2009 Orin Swift "Mercury Head" Napa Valley Cabernet Sauvignon

SKU #1084978 93 points Wine Spectator

 A showy version Mercury Head, this is highlighted by aromatic candied apple and spice, joined by flavors of red fruit, red licorice, cherry and plum. Maintains its elegant posture and finish. Drink now through 2026.  (10/2012)

K&L Notes

Famous for their wildly popular "Prisoner" Zinfandel blend, Orin Swift also produces some seriously structured Cabernet. "Mercury Head" is 95% Cabernet and 5% Merlot from the best lots from the Morisoli and Taplin Vineyards. Low yields and highly concentrated fruit characterized 2009, in which small clusters of berries acheived perfect phenolic ripeness due to the long growing season, while cooperative weather preserved naturally bright acidity. Aged for eighteen months in 30% new French oak, this Cab is rich and lush, with ripe cassis and blackberry aromas and flavors against a backdrop of creamy vanilla, toasty caramel and baking spices. The oak is well-integrated however and the tannins ripe and long. There's a lot of fruit packed in here, with much pleasure to offer even at this young stage. Enjoy now or hold up to ten years in the cellar.

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Price: $119.99
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Varietal:

Cabernet Sauvignon and Blends

- Cabernet Sauvignon has come a long way from its role as a blending varietal, however dominant, in the wines of Bordeaux. Today it is the most planted red varietal in the world. Identified as a descendent of Cabernet Franc and Sauvignon Blanc, the late-ripening Cabernet Sauvignon needs to be planted in warmer climates to fully ripen. Its small berries can easily be identified for their distinctive blue color, thick skins and high tannins. And while the varietal has its own definitive characteristics: green pepper-like aromas and black currant flavors among them, it is perhaps most prized for its ability to convey terroir, vintage and winemaking. A relatively new varietal, Cabernet Sauvignon started making inroads into the wines of the Médoc and Graves in the late-18th century. Today it is also dominant in the up-and-coming Entre-Deux-Mers region of Bordeaux and can also be found in Southwest France. It is the companion varietal to Sangiovese in Italy's Super Tuscans and is planted all over Europe, stretching to lesser-known winegrowing regions like Russia and Lebanon. In the Americas Cabernet Sauvignon has found champions in every nook and cranny of California and among winemakers in Washington, where it complements plantings of Merlot. In South America, Cab thrives in Chile, but can also be found in smaller amounts in Argentina and even in Mexico.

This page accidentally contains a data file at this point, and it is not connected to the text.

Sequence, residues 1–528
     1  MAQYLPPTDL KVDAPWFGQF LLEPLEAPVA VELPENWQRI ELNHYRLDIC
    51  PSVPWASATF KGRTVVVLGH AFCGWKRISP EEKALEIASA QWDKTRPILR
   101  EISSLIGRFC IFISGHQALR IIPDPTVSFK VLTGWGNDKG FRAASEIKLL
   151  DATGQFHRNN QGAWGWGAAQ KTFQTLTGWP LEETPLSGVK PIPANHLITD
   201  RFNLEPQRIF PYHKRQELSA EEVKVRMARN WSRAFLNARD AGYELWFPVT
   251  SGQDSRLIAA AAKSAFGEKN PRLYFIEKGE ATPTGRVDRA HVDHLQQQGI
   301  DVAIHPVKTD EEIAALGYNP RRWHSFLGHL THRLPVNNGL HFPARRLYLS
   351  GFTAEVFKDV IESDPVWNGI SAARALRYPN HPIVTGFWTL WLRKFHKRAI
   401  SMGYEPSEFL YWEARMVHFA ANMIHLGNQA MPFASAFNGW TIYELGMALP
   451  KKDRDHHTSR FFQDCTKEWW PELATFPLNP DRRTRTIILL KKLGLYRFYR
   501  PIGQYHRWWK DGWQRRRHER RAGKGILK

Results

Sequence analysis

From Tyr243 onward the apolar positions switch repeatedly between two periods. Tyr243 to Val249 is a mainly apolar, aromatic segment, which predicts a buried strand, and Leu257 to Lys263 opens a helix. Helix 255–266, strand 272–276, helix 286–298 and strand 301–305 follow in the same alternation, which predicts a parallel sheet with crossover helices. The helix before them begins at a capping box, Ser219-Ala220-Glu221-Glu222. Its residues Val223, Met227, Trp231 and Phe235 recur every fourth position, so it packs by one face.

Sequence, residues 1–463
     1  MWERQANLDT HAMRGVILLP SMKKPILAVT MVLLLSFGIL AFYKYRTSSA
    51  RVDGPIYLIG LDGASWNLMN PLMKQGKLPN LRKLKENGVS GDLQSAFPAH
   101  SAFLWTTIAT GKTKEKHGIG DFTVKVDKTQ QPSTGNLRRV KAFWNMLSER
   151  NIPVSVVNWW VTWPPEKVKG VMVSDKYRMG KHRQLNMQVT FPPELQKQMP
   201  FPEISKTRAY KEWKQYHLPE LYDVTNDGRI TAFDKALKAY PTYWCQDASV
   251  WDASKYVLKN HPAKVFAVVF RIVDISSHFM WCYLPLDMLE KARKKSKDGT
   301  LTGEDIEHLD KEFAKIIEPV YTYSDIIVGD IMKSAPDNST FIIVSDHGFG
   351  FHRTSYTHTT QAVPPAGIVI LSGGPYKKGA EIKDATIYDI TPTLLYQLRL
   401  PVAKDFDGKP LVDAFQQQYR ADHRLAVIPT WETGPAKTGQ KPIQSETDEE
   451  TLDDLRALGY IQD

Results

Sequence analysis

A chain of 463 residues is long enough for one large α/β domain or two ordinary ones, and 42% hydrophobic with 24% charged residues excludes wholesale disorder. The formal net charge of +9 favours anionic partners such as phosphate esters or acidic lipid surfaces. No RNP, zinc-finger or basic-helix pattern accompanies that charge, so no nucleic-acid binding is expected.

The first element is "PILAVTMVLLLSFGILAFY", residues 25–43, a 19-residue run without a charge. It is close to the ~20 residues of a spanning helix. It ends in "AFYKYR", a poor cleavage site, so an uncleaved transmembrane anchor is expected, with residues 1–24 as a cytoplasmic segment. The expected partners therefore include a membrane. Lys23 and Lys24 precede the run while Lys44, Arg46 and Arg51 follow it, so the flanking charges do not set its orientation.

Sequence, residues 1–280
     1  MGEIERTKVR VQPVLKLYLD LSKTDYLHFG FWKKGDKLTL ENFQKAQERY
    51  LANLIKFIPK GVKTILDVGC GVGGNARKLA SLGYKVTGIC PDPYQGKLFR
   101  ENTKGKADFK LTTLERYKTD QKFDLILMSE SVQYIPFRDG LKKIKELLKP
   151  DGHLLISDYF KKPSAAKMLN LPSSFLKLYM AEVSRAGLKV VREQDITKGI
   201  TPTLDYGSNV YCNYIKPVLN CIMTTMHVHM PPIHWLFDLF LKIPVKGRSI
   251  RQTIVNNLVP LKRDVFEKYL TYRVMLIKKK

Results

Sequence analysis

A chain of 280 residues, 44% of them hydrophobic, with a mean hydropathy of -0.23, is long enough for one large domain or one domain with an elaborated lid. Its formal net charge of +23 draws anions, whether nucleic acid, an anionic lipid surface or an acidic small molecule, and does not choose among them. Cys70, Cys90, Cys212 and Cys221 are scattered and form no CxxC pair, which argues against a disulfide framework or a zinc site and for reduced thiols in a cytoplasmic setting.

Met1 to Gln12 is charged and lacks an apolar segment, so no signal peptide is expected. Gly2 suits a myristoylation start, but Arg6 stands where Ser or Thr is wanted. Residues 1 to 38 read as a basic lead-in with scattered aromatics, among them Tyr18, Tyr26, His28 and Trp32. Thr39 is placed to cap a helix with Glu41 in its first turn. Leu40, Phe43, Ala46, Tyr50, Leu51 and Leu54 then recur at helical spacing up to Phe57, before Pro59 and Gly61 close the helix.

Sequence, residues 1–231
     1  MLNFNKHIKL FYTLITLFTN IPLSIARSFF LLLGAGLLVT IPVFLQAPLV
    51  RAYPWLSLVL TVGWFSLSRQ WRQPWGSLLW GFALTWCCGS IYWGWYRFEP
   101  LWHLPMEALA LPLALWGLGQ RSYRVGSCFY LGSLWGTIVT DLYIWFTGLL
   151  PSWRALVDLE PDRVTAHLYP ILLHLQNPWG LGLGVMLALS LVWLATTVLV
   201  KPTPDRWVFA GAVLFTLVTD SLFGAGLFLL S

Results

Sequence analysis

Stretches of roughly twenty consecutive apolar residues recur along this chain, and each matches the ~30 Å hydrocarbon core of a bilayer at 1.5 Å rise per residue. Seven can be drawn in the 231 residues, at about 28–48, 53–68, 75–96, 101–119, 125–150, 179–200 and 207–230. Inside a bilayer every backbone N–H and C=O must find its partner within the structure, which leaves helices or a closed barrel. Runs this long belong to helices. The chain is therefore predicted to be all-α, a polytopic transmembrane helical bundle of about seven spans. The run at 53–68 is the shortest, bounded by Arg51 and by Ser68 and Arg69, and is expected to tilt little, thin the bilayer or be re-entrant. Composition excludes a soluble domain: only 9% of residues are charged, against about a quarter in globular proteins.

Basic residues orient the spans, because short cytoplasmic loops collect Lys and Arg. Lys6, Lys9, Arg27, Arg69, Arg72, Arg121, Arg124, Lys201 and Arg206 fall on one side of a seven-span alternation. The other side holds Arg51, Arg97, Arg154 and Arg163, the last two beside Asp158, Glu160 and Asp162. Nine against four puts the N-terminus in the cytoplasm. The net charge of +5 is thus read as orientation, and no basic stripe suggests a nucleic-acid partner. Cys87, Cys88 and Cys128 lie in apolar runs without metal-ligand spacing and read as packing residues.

Country:

United States

- When people consider domestic wine, they normally think about the state of California. The fine viticultural Region within California, including the Napa Valley, Sonoma, Santa Cruz Mountains, Mendocino and Santa Barbara, are capable of growing grapes of world-class quality. But there's plenty of fabulous wine coming from other states, too. Oregon, Washington and New York are also causing eyebrows (and glassware) to be raised around the world.
Sub-Region:

California

- With the explosive growth that California's wine industry has seen the past several years, it's easy to view winemaking and grape growing in the Golden State as a recent phenomenon. And while it's true that California's viticultural history is brief compared to several European countries, this state's roots date back well over 200 years. Due to the enormous response to California wine within the United States and worldwide, there are thousands of excellent and diverse wines being produced within the state each year.
Specific Appellation:

Napa Valley

- America's most famous wine region, which encompasses a varied geographical territory running about 20 miles long from the San Francisco Bay northward to the foot of Mount St. Helena. Napa's great diversity, both in terms of climate and terroir, has led to the creation of a number of smaller AVAs like Stags Leap District, Rutherford, Howell Mountain, Oakville and Mount Veeder, among others. Cabernet and chardonnay still reign supreme, but just about everything under the sun is grown in Napa Valley, in quality levels ranging from $2 jug wine to $500 a bottle California cab.